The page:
My 7-year-old son, Blaise, happened to be studying the Revolutionary War as part of his homeschooling. When I say he was studying the American Revolution, I mean he latched onto the fight for independence and devoured anything related to it.
We toured battlefields. We constructed paper mache powder horns and sewed pouches. I gave him plastic soldiers he used to populate a Fort Moultrie made out of Play-Doh and wooden block to attack the British. Of course, he did some writing, reading, and traditional work, but Blaise has ADHD.
He learns best while doing, which might mean he’s listening to a biography of Ben Franklin while standing on his head. His intense passion for the Revolutionary War made me think the musical Hamilton might be good for him. Little did I know exactly how much good the musical would do.
“Alexander Hamilton was George Washington’s right-hand man,” I explained to Blaise. “Then he helped win the Battle of Yorktown. Oh yeah, and he became the first Treasury Secretary and got killed in a duel with the Vice President.” That was all it took.
Before long, Blaise was rapping right along with Hamilton and Burr, Laurens and Lafayette. His favorite songs were “The Battle of Yorktown” and “The Ten Duel Commandments,” which he often requested. “Wanna maybe put on some Hamilton, Mama?” he’d ask when we got in the car. If I used it as workout music, it would bring him running and singing. I’d catch him singing the soundtrack under his breath while he played. He was hooked.
Then one day, he threw a fit in the car. He does that sometimes. As a function of his ADHD, there are times the world gets to be too much for him. Maybe he’s hungry. Maybe the day didn’t go as planned (schedules are very important to him). Maybe something happened we can’t even fathom, then again, maybe his brother touched him when he was thinking and that’s all it took. But the fits come and they are titanic: screaming, throwing himself around, possibly throwing things, yelling at his brothers. It’s hard to drive with small kids anyway, let alone small kids who are letting out bone-chilling shrieks.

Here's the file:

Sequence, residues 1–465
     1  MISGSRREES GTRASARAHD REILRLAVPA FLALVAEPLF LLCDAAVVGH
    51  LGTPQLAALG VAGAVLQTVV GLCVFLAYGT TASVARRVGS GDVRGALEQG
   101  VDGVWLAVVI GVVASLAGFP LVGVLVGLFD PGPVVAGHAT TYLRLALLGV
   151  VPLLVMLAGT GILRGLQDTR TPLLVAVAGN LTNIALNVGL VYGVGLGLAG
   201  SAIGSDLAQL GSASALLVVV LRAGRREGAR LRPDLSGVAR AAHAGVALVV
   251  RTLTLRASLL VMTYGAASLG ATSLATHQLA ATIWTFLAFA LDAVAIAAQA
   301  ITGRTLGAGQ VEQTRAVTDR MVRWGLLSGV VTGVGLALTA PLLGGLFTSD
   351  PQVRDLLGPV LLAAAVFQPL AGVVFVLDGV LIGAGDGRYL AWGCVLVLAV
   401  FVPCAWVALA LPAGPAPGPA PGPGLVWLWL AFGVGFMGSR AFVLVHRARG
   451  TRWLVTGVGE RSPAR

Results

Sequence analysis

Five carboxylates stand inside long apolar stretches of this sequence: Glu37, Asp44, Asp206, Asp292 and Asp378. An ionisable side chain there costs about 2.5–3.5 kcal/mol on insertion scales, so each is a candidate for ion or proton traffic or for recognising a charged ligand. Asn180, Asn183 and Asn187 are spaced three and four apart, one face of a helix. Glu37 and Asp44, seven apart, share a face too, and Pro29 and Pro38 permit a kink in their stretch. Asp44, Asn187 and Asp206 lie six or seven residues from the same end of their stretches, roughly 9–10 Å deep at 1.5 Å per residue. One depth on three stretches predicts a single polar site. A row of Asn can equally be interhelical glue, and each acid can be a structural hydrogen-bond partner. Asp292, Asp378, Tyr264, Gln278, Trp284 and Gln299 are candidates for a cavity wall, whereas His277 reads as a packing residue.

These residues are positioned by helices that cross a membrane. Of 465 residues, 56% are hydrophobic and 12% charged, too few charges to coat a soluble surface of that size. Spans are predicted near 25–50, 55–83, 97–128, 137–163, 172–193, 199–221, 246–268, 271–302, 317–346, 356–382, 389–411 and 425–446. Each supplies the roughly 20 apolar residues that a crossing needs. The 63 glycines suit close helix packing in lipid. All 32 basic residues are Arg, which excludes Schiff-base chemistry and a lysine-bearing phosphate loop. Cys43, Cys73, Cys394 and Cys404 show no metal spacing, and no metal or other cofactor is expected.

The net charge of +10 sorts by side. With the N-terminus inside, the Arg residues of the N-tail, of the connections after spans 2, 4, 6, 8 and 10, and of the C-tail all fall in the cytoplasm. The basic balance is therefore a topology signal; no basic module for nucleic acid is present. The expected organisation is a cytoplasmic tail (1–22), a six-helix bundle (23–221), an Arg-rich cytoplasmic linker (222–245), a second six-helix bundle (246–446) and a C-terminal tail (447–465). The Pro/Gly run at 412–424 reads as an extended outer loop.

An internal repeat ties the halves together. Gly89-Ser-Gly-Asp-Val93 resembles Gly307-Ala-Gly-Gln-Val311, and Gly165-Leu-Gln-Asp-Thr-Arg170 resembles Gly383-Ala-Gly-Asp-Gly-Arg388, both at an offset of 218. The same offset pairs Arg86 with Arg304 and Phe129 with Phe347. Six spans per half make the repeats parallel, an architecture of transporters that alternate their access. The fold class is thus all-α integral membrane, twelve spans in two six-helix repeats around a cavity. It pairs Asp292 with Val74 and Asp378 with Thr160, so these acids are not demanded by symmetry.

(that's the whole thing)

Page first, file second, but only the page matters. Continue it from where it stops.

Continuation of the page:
“Put on Hamilton,” my husband told me through clenched teeth. “Buddy, we’re going to put on Hamilton, okay?” We turned on the soundtrack. The screaming stopped. The thrashing stopped. In a few minutes, we heard a tiny voice singing, “Two pints of Sam Adams but I’m working on three / Those redcoats don’t want it with me / Cos I will pop chick-a-pop / These cops til I’m free.” I picked up with him on the Lafayette part, and his voice (and garbled French) grew stronger. We sang for the rest of the trip, with occasional input from his brother and father. As he hopped out of the car, Blaise looked abashed. “I’m sorry I yelled,” he said.
And that’s how we learned Hamilton could soothe the savage beast. According to The New York Times, listening to music releases dopamine, the same neurotransmitter responsible for the pleasurable sensations. TIME suggests singing in a group (like our musical family car rides) releases endorphins and oxytocin that enhance “trust and bonding.” Basically, music hath the charms to soothe Blaise when he needs it most.
We’ve started playing the musical preemptively. If I’m at the beginning of a long run of errands, I pop over to the soundtrack. As soon as we get to town, I crank the stereo and roll down the windows. Blaise finds this hilarious because he gets the share his beloved musical with any and all passersby. I even use it to defuse tension. “There will be a reckoning if you spill my drink,” I warned in Target the other day.
“What’s that?” he asked.
“You know, ‘Your lieutenant / When there’s reckoning to be reckoned,’” I quote one of favorite songs.
He says Hamilton is fun. That it’s cool; that he really likes it. The fact that he can hang his Revolutionary War hat on it makes it more relatable than say, David Bowie. I know I can crank it on the stereo and calm him into a re-enactment of the Battle of Monmouth, thus forestalling a major 3 pm meltdown from a pharmacy trip, fast food run, and mammoth Target haul. He’s always in a better mood when we pull into the driveway blaring Hamilton and singing, than when we don’t.
Eventually, I’ll branch him out to other music and teach him to love something other than the Revolutionary War. But for right now, if Lin-Manuel Miranda can keep my 7-year-old happy and content, I’ll take it. Especially since I love blasting Hamilton, too.